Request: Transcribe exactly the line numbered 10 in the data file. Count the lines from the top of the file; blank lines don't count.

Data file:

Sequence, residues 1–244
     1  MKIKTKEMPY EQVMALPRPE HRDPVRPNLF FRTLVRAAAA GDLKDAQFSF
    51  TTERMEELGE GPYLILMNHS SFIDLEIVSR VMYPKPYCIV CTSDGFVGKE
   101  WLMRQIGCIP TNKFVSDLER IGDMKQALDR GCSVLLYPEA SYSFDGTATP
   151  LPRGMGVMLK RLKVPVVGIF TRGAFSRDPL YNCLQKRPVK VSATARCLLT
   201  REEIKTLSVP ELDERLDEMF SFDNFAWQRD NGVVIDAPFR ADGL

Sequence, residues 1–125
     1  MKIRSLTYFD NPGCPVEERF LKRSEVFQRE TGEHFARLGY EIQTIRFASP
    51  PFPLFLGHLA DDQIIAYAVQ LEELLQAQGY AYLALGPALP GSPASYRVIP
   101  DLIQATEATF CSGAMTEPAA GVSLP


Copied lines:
   101  DLIQATEATF CSGAMTEPAA GVSLP